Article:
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Gladys Berejiklian, cat with 9 lives, slinks her way out of ICAC

After the NSW upper house voted to refer Gladys Berejiklian to corruption watchdog ICAC, a vote from the lower house kept the premier safe – for now.

NSW Premier Gladys Berejiklian has managed to avoid being referred to the Independent Commission Against Corruption (ICAC) following a motion put forward by Labor.

It comes weeks after the premier’s relationship with disgraced former MP Daryl Maguire was revealed in a separate ICAC commission, prompting concerns that Berejiklian was aware of – and perhaps even complicit in – her partner’s dodgy dealings.

gladys berejiklian icac
Photo via Queensland Times

In a motion put forward by Labor yesterday, the NSW upper house voted 22 to 15 to refer Gladys Berejiklian to ICAC. However, the premier was subsequently saved by the lower house, who blocked the vote 43 to 35 (not an unexpected outcome considering the NSW government currently has a majority at this level of parliament). ICAC is only obliged to consider a motion if it is passed by both houses.

Nevertheless, the outcome in the upper house shows an important shift within the parliament, with crossbenchers who previously supported the premier now voting against her.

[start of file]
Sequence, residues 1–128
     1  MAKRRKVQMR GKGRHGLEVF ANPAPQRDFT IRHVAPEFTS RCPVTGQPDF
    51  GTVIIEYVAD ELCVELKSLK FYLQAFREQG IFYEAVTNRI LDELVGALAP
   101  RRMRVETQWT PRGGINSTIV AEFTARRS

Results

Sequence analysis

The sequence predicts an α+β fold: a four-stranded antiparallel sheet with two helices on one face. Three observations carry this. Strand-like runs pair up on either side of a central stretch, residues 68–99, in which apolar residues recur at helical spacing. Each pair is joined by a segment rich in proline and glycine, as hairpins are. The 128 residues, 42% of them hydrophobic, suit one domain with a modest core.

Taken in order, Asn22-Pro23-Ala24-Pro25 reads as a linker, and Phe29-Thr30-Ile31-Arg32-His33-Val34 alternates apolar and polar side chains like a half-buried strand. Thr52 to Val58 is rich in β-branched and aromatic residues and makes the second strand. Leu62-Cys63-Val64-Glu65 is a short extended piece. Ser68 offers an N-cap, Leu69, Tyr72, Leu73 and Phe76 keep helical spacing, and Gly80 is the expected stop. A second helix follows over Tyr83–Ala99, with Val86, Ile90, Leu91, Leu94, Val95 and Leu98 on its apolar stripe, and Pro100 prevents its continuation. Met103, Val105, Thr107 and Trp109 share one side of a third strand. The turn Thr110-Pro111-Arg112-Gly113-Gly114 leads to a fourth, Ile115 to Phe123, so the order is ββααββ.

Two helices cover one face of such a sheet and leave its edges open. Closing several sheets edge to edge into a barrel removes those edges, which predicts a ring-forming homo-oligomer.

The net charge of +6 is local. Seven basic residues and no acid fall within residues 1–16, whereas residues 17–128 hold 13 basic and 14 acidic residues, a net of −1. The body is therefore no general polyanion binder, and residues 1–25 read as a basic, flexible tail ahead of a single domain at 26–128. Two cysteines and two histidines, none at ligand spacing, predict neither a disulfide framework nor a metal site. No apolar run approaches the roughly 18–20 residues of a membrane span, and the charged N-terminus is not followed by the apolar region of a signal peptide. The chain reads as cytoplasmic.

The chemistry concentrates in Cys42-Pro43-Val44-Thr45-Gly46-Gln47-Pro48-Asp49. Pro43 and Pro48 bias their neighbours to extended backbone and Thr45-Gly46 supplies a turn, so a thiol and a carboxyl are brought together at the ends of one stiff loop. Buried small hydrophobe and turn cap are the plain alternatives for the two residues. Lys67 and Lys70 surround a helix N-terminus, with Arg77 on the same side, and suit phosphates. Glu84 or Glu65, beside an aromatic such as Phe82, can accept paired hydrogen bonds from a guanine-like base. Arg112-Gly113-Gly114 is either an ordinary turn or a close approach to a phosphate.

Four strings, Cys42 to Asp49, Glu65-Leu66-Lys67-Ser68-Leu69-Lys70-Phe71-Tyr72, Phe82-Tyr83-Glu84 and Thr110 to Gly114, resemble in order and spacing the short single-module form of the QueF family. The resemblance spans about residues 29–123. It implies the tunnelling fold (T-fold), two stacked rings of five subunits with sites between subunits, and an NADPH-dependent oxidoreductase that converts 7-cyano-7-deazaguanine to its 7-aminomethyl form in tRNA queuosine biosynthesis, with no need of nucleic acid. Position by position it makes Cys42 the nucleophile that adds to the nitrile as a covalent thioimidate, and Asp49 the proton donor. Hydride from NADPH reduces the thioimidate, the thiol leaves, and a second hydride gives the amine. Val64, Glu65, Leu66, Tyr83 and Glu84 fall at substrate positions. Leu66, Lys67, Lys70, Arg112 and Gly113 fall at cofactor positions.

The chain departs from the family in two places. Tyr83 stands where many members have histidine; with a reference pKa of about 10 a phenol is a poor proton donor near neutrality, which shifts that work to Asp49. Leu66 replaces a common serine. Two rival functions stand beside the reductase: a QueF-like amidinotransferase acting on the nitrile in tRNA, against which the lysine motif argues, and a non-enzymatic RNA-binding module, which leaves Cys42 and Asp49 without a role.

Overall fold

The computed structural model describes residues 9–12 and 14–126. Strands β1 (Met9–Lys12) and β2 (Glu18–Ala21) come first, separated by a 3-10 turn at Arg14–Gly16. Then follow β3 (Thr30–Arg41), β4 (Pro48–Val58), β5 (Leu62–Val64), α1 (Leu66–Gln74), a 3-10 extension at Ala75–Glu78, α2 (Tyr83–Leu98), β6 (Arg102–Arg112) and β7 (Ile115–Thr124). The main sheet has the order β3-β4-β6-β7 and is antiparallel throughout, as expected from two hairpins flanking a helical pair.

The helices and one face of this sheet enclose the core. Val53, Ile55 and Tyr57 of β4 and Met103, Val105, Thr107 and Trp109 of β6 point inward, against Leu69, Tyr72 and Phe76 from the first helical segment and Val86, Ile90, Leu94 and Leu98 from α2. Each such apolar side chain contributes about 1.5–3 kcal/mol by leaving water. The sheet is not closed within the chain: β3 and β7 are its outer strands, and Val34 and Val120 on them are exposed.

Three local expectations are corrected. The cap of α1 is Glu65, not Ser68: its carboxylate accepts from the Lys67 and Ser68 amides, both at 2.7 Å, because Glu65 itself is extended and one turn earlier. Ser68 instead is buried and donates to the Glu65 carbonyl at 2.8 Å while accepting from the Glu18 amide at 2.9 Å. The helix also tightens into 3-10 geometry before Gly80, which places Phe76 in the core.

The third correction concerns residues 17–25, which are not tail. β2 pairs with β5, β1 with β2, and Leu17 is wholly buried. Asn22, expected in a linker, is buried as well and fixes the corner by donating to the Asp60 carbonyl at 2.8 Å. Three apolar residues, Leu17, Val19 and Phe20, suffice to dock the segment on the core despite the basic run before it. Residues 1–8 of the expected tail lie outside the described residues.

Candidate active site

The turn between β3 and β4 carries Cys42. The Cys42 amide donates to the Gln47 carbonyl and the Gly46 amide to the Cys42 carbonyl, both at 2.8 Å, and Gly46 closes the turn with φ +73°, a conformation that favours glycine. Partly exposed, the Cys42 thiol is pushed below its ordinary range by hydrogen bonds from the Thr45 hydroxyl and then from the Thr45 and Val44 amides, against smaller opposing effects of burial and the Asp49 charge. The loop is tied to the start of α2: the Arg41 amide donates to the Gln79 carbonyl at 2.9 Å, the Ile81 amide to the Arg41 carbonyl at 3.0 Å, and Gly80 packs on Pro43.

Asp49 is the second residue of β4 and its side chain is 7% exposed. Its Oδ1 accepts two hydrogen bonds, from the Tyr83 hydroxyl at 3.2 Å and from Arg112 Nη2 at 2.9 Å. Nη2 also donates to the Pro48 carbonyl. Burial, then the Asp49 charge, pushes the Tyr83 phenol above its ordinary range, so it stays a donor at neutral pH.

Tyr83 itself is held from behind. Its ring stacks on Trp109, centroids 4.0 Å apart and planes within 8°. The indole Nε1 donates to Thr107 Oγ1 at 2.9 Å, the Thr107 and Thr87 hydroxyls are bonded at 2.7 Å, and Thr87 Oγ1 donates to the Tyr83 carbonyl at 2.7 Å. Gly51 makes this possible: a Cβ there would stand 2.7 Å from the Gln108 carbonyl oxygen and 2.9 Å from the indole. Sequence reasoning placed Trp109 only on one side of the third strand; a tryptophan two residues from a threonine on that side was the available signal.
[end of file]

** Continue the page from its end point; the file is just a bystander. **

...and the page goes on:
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According to AAP, the Animal Justice and Shooters, Fishers and Famers parties – who last month both voted in favour of Berejiklian in a no-confidence motion brought by Opposition Leader Jodi McKay – now feel as though there is enough evidence to justify an investigation into potential corruption.

“(This) signifies very serious concern right across the political spectrum about these matters, and the desire from the majority, at least in the upper house, to have these matters independently and thoroughly investigated by the corruption watchdog,” Leader of the Opposition in the Upper House Adam Searle described of the vote.

During the proceedings in the upper house, One Nation leader Mark Latham argued that the premier, who had claimed her relationship with Maguire was not of “sufficient status” to go public, had downplayed it to ICAC.

According to The Guardian, Latham revealed that Maguire had keys to her house and had returned there as recently as September to collect his belongings. Latham also alleged that the premier had acted as “a spy against her own staff”.

On top of her relationship with Maguire, Berejiklian’s potential involvement in the shredding of documents pertaining to a $252m grants scheme – 95 per cent of which was allocated to councils held by Coalition seats – is also in question.

It comes as Gladys Berejiklian is calling for a change to the National Anthem in order to acknowledge Aboriginal Australians – a move which has largely been perceived as tokenistic and distractionary.